In an InvestementNews.com article from January20,2012, Dan Jamieson writes that in a regulatory notice, Finra outlined characteristics of what it calls “complex products,” which could include structured notes, inverse or leveraged exchange-traded funds, hedge funds and securitized products such as asset-backed securities.
Finra stated that brokerage firms should have formal written procedures covering everything from the initial due diligence to post-sale performance. This notice specifically identifies duties that fall to individual brokers in understanding complicated products and explaining them to customers. The notice also said that registered representatives should consider whether less complex and cheaper products might achieve the same objectives.
“Finra is letting it be known that recommendations of complex products will be given even more scrutiny going forward,” said Mary Harris-King, co-founder of Comprehensive Securities Compliance Solutions Inc.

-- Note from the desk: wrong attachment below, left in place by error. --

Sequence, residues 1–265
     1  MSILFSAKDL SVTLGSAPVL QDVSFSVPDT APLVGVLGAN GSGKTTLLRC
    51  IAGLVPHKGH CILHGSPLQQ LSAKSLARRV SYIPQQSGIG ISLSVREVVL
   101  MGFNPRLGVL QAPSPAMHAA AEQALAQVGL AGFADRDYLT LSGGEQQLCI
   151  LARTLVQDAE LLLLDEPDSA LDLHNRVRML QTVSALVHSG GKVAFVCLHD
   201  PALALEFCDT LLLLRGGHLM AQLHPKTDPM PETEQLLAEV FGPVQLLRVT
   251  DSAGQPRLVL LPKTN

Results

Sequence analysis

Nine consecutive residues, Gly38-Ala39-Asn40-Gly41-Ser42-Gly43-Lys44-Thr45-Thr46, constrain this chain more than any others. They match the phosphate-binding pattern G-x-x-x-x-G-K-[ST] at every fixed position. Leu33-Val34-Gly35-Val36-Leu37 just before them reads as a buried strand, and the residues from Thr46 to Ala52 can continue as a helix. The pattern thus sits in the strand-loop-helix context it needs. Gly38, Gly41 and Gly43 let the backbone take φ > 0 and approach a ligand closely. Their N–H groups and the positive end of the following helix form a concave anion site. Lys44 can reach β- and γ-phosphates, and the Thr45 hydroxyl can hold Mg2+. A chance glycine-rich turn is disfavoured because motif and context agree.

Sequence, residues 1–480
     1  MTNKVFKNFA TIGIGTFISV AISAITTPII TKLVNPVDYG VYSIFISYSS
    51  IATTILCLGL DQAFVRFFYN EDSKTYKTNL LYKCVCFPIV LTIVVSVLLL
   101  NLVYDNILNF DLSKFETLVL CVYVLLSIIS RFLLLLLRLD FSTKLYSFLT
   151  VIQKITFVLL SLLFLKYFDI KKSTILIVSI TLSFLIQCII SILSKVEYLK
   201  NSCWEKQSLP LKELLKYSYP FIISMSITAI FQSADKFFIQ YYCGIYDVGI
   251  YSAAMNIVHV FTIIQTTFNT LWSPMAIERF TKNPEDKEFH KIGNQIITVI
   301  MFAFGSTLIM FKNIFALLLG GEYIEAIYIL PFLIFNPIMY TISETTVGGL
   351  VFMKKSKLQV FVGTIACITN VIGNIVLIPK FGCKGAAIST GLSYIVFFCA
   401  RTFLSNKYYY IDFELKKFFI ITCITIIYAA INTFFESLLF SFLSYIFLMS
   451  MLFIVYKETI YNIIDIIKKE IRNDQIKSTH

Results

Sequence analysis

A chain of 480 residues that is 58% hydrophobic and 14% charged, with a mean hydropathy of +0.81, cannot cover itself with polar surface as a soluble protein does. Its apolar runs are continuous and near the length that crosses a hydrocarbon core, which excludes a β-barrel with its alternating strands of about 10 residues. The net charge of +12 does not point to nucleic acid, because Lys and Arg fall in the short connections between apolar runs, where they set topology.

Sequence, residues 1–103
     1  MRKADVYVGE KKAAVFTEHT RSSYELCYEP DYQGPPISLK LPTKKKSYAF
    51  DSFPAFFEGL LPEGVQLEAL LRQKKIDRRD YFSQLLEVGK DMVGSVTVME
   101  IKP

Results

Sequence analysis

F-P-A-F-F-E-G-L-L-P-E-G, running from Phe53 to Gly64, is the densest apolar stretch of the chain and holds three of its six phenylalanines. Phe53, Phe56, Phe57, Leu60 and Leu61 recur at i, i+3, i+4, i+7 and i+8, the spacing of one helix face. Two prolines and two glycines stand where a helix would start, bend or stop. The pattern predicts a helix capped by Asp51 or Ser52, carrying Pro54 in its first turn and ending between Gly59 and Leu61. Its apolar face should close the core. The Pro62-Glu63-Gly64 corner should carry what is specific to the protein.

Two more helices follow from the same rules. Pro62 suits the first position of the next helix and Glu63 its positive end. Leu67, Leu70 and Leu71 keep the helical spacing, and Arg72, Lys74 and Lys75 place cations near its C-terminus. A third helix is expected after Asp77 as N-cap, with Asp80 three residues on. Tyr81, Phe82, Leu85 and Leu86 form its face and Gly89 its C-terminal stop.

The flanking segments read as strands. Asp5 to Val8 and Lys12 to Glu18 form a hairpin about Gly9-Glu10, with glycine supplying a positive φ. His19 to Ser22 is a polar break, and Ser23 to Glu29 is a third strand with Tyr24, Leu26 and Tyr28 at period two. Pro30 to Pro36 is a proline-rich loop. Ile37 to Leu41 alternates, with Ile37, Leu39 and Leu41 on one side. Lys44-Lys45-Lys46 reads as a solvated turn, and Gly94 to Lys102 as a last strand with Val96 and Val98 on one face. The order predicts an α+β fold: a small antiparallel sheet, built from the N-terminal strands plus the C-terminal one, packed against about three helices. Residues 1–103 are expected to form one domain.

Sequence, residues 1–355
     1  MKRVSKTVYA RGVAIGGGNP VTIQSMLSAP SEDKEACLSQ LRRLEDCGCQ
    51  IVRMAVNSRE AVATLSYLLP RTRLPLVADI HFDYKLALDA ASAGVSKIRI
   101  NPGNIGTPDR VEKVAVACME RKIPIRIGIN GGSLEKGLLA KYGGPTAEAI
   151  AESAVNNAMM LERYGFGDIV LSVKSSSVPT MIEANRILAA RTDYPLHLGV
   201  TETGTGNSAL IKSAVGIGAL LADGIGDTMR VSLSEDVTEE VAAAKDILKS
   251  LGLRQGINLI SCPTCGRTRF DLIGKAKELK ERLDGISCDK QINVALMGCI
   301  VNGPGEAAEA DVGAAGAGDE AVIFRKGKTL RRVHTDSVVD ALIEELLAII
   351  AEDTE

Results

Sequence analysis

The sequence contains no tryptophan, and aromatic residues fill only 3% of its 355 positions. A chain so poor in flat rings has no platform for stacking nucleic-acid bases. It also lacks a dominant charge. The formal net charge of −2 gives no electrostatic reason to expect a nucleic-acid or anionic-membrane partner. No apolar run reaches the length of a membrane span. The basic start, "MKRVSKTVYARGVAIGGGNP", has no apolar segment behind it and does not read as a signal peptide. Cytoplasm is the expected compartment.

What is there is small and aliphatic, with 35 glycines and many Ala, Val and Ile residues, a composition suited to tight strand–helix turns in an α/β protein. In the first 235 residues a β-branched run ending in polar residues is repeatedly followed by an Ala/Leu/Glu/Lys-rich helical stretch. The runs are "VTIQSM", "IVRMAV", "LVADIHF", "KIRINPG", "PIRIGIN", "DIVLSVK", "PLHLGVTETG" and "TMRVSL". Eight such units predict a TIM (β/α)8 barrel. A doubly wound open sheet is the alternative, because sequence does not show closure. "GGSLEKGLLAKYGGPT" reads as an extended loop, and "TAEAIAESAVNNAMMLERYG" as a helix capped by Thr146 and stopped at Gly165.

Jamieson writes that in its notice, Finra reviewed what a number of European regulators had done in characterizing various complex products. The notice also said that registered representatives should consider unbundling structured products.
“Registered representatives should compare a structured product with embedded options to the same strategy through multiple financial instruments on the open market, even with any possible advantages of purchasing a single product,” Finra said in the notice.
This was good news to Robert Gordon, chief executive at Twenty-First Securities Corp., which replicates structured notes by buying underlying instruments like zero-coupon Treasuries and options on ETFs.
“It looks like Finra is saying that brokers can’t say this [structured note] is simpler — that’s not a good excuse” to buy it, he said.
The InvestmentNews.com article goes on to say that buying the components of a note that guarantees principal is 2% to 3% cheaper than buying the package, offers tax advantages, and lessens counterparty risk, Mr. Gordon said.